Another example of the resistive layer applied to a bubble-jet type ink-jet printhead according to the present invention will now be described with reference to FIGS. 15-21. First, referring to FIG. 15, a resistive layer 104 c has a circular inner edge 144 c and a rounded, pentagonal-shaped outer edge 154 c, between which body 174 c of heater 104 c is disposed. It is noted that body 174 c has varying widths at varying locations, causing the resistance of heater 104 c to vary at different locations. Thus, the resistive layer 104 c includes a low resistance portion B, in which the width is large, and a high resistance portion A, in which the width is small. Two low resistance portions B, which are symmetrical to each other, are coupled to the electrically conductive layers 105, respectively. Thus, a parallel circuit of resistors having two current paths is constructed between the electrically conductive wiring layers 105.

Predetermined current is applied to the resistive layer 104 c through the wiring layers 105 and then the entire resistive layer 105 starts to generate heat. In this case, a temperature rise rate of the high resistance portion A is higher than that of the low resistance portion B due to the difference in resistance at each portion of the resistive layer 104 c. The temperature at each portion of the resistive layer 104 c varies due to the difference in temperature rise rate. As shown in the left side of FIG. 16, first, a bubble A′ is formed due to a sharp temperature rise at the high resistance portion A of the resistive layer 104 c, and then, as shown in the right side of FIG. 16, the bubble A′ generated at the high resistance portion A further grows and a bubble B′ starts to be formed at the low resistance portion B as well. That is, when a predetermined period of time has lapsed after application of the current, the bubbles A′ and B′ formed by ink heated by the resistive layer 104 c have the difference in volumes corresponding to the heat generation amount, and differences in the volumes of the bubbles A′ and B′ are entirely symmetrical or balanced.

In this way, the present invention artificially imparts periodical changes in resistance to the resistive layer when designing and manufacturing the resistive layer, thereby allowing for balanced heat generation by the entire resistive layer and thus symmetrical bubble growth. The reason for artificially imparting periodical changes in resistance will be more easily understood by what will be described below.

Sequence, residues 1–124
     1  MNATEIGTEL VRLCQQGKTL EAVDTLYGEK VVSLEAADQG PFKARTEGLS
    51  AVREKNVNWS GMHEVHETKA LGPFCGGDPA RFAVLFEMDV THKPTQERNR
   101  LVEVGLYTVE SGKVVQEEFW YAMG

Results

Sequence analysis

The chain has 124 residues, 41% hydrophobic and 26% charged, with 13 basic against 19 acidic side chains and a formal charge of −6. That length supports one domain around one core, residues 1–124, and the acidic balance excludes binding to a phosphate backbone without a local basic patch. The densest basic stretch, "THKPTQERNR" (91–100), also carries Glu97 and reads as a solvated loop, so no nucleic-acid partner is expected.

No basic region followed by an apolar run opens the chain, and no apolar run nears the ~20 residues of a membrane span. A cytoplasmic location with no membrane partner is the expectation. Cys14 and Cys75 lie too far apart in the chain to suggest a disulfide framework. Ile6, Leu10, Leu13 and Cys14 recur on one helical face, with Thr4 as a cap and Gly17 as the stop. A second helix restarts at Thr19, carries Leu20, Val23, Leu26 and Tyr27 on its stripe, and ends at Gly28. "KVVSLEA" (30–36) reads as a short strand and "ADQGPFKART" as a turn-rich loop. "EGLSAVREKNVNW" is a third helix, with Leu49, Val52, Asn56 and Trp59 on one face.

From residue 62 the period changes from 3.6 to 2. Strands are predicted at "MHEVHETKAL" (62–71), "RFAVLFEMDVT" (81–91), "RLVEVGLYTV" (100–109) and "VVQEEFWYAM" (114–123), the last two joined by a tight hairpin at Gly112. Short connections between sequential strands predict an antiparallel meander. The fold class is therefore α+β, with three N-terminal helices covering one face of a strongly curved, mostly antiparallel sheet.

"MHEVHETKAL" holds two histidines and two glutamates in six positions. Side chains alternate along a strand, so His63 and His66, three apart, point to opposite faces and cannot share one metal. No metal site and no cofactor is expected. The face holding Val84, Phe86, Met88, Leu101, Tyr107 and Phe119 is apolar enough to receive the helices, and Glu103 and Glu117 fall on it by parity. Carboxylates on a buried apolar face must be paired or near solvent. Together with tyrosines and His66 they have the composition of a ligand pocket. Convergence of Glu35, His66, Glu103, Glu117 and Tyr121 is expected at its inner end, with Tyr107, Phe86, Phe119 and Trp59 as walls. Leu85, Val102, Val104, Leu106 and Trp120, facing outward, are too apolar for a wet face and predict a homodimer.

FIG. 17 shows a doughnut-shaped resistive layer 104 d which was originally designed as a normal circle. Referring to FIG. 10, opposite ends of the resistive layer 104 d designed and manufactured such that both inner and outer edges may have circular shapes, are coupled to the wiring layers 105. Unlike the design of the resistive layer 104 d, during an actual manufacture, resistance of the resistive layer 104 d itself is not made uniform due to variations in local etching amount of the resistive layer 104 d. Changes in local resistance of the resistive layer 104 d cannot be predicted since they are caused by errors during material deposition and etching processes during formation of the resistive layer 104 d.

C and D in FIG. 17, which may be created by a process error, denote high resistance portions having higher resistance than the remaining portions, and there may be difference in resistance between both high resistance portions C and D. Thus, since the resistance of the resistive layer 104 d as shown in FIG. 17 is connected in parallel, and the high resistance portions C and D having a high temperature rise rate compared to the other portions exist in parallel. In this case, since bubbles are firstly formed at the high resistance portions C and D as described above, the bubble is formed in an abnormal manner, for example, the overall shape of the bubble is distorted or one side of the bubble is vacant. This abnormal formation of the bubbles may cause ink within an ink chamber to be ejected in an abnormal direction. To overcome this drawback, as shown in FIG. 15, the present invention adjusts the shape of the resistive layer from the design stage so as to make abnormally shaped bubbles due to a process error normal, symmetrical, and balanced in practice.